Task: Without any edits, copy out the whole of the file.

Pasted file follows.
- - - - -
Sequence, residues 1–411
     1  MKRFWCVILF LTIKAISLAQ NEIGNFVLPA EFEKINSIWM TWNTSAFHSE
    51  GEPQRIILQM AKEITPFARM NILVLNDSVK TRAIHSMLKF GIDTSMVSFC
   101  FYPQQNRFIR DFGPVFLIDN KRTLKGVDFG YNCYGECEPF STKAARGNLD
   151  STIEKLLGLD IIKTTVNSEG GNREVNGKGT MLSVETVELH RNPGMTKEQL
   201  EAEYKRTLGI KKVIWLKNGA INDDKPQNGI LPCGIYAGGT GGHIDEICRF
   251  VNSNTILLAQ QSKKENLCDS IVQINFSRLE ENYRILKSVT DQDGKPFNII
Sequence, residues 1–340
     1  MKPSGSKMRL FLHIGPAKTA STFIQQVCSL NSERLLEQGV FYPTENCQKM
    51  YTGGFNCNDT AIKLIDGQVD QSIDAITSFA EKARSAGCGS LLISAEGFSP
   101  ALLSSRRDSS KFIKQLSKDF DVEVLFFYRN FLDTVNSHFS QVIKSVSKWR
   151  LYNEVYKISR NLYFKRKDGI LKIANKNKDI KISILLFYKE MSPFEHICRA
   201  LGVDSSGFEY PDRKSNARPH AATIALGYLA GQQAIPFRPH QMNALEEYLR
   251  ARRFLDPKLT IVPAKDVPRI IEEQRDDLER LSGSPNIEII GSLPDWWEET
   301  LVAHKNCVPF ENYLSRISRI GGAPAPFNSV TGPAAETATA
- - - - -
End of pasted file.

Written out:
Sequence, residues 1–411
     1  MKRFWCVILF LTIKAISLAQ NEIGNFVLPA EFEKINSIWM TWNTSAFHSE
    51  GEPQRIILQM AKEITPFARM NILVLNDSVK TRAIHSMLKF GIDTSMVSFC
   101  FYPQQNRFIR DFGPVFLIDN KRTLKGVDFG YNCYGECEPF STKAARGNLD
   151  STIEKLLGLD IIKTTVNSEG GNREVNGKGT MLSVETVELH RNPGMTKEQL
   201  EAEYKRTLGI KKVIWLKNGA INDDKPQNGI LPCGIYAGGT GGHIDEICRF
   251  VNSNTILLAQ QSKKENLCDS IVQINFSRLE ENYRILKSVT DQDGKPFNII
Sequence, residues 1–340
     1  MKPSGSKMRL FLHIGPAKTA STFIQQVCSL NSERLLEQGV FYPTENCQKM
    51  YTGGFNCNDT AIKLIDGQVD QSIDAITSFA EKARSAGCGS LLISAEGFSP
   101  ALLSSRRDSS KFIKQLSKDF DVEVLFFYRN FLDTVNSHFS QVIKSVSKWR
   151  LYNEVYKISR NLYFKRKDGI LKIANKNKDI KISILLFYKE MSPFEHICRA
   201  LGVDSSGFEY PDRKSNARPH AATIALGYLA GQQAIPFRPH QMNALEEYLR
   251  ARRFLDPKLT IVPAKDVPRI IEEQRDDLER LSGSPNIEII GSLPDWWEET
   301  LVAHKNCVPF ENYLSRISRI GGAPAPFNSV TGPAAETATA